The Trademarks Act Cap T13 Laws of the Federation of Nigeria (Herein after referred to as the ‘Trademarks Act ’) is made up of 13 Parts 69 sections and two (2) schedules.
A notable feature of the Trademark Act is its hidden procedure for registration. The Act calls for the advice of the Registrar to be sought by the applicant who wishes to register a mark to determine if the intending mark is distinguishable. This is the first step before any application can be made.
This step is irrelevant as the Act further provides for an application to either be refused, accepted, or accepted subject to amendment by the Registrar. The reason being that if the Registrar can refuse a mark on the grounds of it being indistinguishable, or demand for its alteration, there is no need for the advice of the Registrar to be sought to determine its distinctiveness.
Furthermore, as stated earlier, the Trademark Act provides that “the Registrar may refuse the application, or may accept it absolutely or subject to such amendments, modifications, conditions or limitations, if any, as he may think right”.
The Act does not provide the grounds under which an application to register a mark may be refused. The implication of this is that the power of the Registrar to accept any application is completely discretionary. It should be noted that to ensure adequate fairness,
if the Registrar is given power to accept or refuse an application, it is reasonable that there should exist a boundary or restriction by which the Registrar can either accept or refuse an application. In my opinion, the absence of this may tend to pave the way for corrupt practices easily.
Furthermore, if for instance, certain grounds by which the Registrar can refuse an application are provided for by the Act, it reinforces the decision of the Registrar on any application brought before him, and in the occurrence of the decision of the Registrar being challenged before any competent court of law, it suffices to say that the stipulated grounds would evidence the reasons behind his decisions.
With modernization, there is the question of the implementation of the provisions of the Act with respect to Trademark on the internet. Honestly speaking, interpreting the provisions of the Act to apply to trademark on the internet tends to be highly cumbersome.
This is because of the nonexistence of provisions in the Act expressly addressing the topic. This ground as such also calls for the amendment of the Act to include such provisions covering registered trademarks online.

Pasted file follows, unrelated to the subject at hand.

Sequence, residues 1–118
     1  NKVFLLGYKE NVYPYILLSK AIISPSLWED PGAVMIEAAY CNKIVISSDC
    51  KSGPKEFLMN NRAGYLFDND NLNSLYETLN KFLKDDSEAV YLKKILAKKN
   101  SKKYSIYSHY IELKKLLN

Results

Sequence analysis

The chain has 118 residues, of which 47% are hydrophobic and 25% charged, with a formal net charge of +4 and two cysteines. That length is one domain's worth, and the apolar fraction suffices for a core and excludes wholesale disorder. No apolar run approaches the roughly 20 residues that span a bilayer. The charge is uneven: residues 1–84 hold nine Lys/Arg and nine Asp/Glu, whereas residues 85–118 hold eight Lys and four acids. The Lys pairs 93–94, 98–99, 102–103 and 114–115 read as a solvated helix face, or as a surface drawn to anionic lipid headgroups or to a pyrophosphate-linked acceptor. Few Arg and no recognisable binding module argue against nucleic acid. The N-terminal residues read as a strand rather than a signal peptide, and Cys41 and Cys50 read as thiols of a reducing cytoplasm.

With respect to the international sphere, the Trademark Act provides that any person who has applied for protection for any trade mark in a convention country or his legal representative or assignee shall be entitled to registration of his trade mark under this Act; and the registration shall have the same date as the date of the application in the country bound by the Convention. It is pertinent to note that that marks or emblems of international bodies of which Nigeria is a member are protected.
But there are puzzling questions. Is it expedient for trademarks containing the abbreviations or emblems of international bodies of which Nigeria is a member, to be registered in other to be protected in Nigeria? The Act has no provision to provide an answer to this; nor does it mention international bodies or their emblems and is therefore silent on the subject.
It is therefore essential that the trademarks or emblems of international bodies or organization of which Nigeria is a member be protected by the Trademark Act, with such mark or emblem deemed registered under the Act.
In conclusion, a critical review of the Trademark Act does show that the Act needs so much amendments that the implementation of the Act under the current Nigerian Economy seems problematic. With such scanty provisions, the continuous use of the Act does bring shame, and of course tends to place a lot of responsibilities on the court to therefore determine a justiciable end to cover matters which are not covered by the Act.